Captain Kewley and Hague volunteered to go down and get the body which was only 10 feet below the party but the Inspector thought the risk was too great. The idea was arrived at that the body could be recovered by a grappling iron and the short ladder leading from the platform to the 130 level was pushed aside. Moving the ladder seemed to disturb the gas for immediately afterwards Captain Kewley said he was feeling ill. The Inspector shouted. “All up at once,” and the party climbed to the 115 fathom level where the “box” was. Kewley was put in it and wound to the surface. The rest of the party which had been on the lower platform felt that they could not climb the ladders and rested at the 115 “lodge” or “plat”, the enlargement of the mouth of the level where it joined the shaft.

The miners who had stayed at the 115 fathom level started to go up the ladders and reached the top in a state of exhaustion. The “box” that contained Captain Kewley was being raised to the surface, stuck in the shaft. A link of the chain by which it was attached to the winding rope got caught between two planks in a defective part of the wooden trough in which it was sliding. The “box” would go neither up nor down and Kewley was kept in this desperate position for about an hour. His son went down with some other men to free the “box” and another party came to the 115 fathom level to rescue those who were unable to climb and one after another they were brought to the surface. After these disturbing incidents, it was evident that it would be unwise to go down the mine again until the ventilation was considerably improved.

On Monday 17th, the Inspector met with one of the directors At Douglas and again at the mine. It was made clear that the Company was expecting too much from the Government officials and that while they were ready to give assistance, it was not part of their duty to recover the bodies and to put the mine in order again. Mr. Le Neve Foster said:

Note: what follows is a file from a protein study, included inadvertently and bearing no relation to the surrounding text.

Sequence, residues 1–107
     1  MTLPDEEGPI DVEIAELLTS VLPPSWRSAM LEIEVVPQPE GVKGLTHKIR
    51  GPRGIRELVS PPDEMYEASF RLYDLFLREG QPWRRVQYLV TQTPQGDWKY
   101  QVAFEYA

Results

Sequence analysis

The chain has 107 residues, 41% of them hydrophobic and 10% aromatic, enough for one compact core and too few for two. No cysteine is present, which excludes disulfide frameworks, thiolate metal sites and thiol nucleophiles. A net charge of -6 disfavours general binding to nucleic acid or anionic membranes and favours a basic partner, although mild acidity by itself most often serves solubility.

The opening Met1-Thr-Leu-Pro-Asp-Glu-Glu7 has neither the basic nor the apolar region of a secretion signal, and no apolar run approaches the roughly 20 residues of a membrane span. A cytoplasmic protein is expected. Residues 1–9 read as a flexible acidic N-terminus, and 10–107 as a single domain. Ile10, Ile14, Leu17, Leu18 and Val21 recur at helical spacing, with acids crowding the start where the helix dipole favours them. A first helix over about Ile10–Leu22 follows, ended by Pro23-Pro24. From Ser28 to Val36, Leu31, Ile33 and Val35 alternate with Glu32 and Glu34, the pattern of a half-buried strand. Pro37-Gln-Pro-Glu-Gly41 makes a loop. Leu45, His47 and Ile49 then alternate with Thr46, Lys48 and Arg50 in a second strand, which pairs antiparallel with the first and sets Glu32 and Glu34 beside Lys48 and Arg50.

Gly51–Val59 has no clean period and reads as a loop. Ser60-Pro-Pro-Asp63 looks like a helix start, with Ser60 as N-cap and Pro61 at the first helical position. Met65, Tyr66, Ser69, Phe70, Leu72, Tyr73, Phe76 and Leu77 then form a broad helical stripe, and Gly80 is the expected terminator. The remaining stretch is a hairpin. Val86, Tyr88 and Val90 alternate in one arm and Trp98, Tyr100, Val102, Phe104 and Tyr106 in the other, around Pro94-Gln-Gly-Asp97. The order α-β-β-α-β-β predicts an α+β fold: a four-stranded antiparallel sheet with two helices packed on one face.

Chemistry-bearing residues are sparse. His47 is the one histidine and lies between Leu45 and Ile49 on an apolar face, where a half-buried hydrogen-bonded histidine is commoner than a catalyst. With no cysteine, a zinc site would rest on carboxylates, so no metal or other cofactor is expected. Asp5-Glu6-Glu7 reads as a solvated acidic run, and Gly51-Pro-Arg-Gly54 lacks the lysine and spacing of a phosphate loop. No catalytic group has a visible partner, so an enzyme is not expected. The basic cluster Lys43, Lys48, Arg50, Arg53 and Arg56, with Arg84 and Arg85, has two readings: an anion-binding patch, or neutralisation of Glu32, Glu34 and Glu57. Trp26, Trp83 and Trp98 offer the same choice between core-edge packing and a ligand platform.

I told him that the mine seemed to require the services of some competent mining engineer, possessed with more technical knowledge that Captain Kewley, though I knew the latter could not be surpassed in personal courage.

The directors employed the services of Mr. N.R. Griffith, of Wrexham, who advised that a ventilation fan should be installed. All underground work was stopped until the fan could be procured and set to work. Owing to the difficulties of preparing the site for the driving engine, many weeks elapsed before the fan was working. When the Inspector returned to the island on the 24th May, nothing had been done. At that time he tested the air but did not think that it was safe to descend, especially was there was an obstruction between the 130 and 141 fathom level which prevented the kibble being lowered any further than this the latter level. At this time, Mr. Le Neve Foster attended the inquest into the men’s deaths.

The men who lost their lives were:

  • James Henry.
  • William Kewin.
  • Joseph Moughtin.
  • Louis Moughtin.
  • Loius Kinrade.
  • Robert Cannell.
  • Edward Kinrade.
  • Sandy Callan.
  • William Senogles.
  • William Callow.
  • Robert Lewney.
  • Frank Christian.
  • Edward Kewley.
  • William Christian.
  • John Kewley.
  • William Christian.
  • John Fayle.
  • John Oliver.
  • Walter Christian.
  • John James Oliver.
  • John Robert Kewin.
  • Robert Kelly.
  • Those who were injured:
  • Philip Mylechraine.
  • Evan Christian.
  • James L. Kneale.
  • John Corlett.

It was not until 7th June that the body of the last man, Robert Kelly, was recovered when the atmosphere in the mine had cleared enough by natural ventilation for a party to go down.

The inquest was opened by the High Bailiff on Wednesday, 12th May for the evidence of identification and adjourned. When the proceedings were reopened, Dr. John Haldane, F.R.S., Lecturer in Physiology at the University of Oxford presented a report of an analysis of the gas samples which had been obtained by Mr. Williams. Dr Haldane concluded that: